SOS Brutalism — hardly any architecture is so under threat of being demolished as that of the postwar decades. In 2016, for instance, Birmingham Central Library (1974) was torn down despite years of lobbying.
In Austria, too, the alarm bells are sounding for many buildings from the 1950s to the 1980s. Although, with its numerous culture centres, universities or schools, it was this epoch in architecture that felt dedicated to the broader public good. To what extent, alongside architectural relevance, do cultural and socio-political relevance play a role for the conservation authorities? These and other pressing issues are discussed by a panel of illustrious experts.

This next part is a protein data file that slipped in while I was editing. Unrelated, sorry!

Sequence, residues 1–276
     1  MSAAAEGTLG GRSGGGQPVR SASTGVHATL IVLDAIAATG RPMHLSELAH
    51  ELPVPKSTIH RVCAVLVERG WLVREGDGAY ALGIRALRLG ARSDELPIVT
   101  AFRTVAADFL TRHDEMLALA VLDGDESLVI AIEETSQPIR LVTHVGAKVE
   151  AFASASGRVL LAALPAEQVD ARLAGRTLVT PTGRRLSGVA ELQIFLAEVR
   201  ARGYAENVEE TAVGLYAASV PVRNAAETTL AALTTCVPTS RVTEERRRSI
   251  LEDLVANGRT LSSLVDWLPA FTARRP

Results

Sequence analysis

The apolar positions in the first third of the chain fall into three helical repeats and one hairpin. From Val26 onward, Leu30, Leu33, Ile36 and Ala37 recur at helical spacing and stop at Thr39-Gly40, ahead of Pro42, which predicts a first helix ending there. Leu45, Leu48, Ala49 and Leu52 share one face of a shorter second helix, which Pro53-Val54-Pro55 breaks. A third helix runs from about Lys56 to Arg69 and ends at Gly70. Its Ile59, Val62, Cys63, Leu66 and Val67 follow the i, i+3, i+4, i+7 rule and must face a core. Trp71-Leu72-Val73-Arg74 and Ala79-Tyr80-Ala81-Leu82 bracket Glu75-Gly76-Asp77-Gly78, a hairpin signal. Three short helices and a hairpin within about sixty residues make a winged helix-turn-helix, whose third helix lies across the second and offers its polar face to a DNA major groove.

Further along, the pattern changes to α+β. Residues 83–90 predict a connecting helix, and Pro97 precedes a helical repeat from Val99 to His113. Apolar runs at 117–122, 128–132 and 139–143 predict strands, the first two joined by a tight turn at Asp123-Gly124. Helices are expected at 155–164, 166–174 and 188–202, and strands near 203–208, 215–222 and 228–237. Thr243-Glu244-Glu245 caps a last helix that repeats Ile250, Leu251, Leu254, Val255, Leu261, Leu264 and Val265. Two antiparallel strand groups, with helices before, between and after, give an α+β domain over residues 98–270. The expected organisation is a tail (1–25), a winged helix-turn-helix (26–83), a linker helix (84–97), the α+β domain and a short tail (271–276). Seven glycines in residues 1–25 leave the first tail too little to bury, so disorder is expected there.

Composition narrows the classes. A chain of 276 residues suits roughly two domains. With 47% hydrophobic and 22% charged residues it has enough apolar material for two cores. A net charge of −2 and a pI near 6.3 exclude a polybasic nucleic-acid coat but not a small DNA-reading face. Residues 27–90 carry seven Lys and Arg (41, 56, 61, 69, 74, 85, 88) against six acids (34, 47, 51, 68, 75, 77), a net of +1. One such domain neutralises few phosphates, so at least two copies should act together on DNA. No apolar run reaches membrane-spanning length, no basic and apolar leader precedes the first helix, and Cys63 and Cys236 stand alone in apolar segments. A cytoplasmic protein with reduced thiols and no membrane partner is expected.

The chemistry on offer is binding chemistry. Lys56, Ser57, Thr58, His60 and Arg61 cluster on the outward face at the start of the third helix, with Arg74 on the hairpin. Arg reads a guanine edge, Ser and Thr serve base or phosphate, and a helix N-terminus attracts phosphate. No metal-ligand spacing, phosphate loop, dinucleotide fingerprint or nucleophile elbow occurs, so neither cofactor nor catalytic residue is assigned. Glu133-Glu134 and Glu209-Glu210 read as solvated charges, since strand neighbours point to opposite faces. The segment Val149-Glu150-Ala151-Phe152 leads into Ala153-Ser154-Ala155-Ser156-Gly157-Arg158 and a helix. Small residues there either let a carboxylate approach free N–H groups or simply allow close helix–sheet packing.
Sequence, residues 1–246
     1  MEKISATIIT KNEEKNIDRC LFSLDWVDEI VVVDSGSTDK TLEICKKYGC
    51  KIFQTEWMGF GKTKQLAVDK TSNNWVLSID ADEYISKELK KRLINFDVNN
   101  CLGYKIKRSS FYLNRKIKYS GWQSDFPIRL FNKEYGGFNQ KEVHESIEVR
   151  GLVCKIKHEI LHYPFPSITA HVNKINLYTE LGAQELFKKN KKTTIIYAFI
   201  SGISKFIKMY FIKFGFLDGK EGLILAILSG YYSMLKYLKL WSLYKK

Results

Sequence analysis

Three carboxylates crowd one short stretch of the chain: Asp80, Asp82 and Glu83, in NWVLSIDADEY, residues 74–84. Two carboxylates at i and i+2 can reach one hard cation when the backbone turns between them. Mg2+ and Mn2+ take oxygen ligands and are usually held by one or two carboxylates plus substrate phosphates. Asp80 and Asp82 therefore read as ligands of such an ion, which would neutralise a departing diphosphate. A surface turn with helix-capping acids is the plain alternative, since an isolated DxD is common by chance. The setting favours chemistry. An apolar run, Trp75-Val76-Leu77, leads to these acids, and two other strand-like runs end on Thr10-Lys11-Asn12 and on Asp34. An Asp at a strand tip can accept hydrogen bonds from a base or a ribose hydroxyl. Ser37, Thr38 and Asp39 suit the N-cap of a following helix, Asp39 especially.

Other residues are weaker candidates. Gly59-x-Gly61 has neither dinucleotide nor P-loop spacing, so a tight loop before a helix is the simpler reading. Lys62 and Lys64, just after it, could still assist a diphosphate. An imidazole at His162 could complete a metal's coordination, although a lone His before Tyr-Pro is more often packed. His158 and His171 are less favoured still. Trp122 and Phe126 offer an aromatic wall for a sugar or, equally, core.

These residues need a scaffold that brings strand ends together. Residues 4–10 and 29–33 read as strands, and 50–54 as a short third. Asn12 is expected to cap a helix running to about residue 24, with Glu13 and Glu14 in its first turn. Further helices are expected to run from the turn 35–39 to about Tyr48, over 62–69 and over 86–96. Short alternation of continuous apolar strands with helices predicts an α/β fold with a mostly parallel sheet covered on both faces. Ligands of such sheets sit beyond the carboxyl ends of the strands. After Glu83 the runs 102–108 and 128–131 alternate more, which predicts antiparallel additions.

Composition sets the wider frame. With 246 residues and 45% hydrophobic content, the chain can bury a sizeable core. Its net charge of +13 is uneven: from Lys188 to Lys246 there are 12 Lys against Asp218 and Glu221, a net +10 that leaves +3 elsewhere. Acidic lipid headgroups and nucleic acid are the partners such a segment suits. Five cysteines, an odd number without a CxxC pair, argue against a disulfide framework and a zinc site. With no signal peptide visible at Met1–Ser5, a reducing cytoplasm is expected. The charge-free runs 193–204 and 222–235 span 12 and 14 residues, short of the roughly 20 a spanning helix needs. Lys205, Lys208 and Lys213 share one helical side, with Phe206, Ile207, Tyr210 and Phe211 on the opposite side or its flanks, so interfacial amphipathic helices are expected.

British architect Owen Luder said of his work: In the sixties my buildings won prizes, in the seventies approval, in the eighties they were challenged, in the nineties people found them ridiculous. And as the year 2000 approached, the ones I liked most had already been knocked down.
Nott Caviezel, Professor for Monument Preservation and Building in Existing Structures, Vienna University of Technology
Monika Platzer, Head of Special Collections Az W
Paul Mahringer, BDA
Norbert Mayr, action group Bauten in Not
Josef Weichenberger, architect
Sonja Pisarik, Collection Az W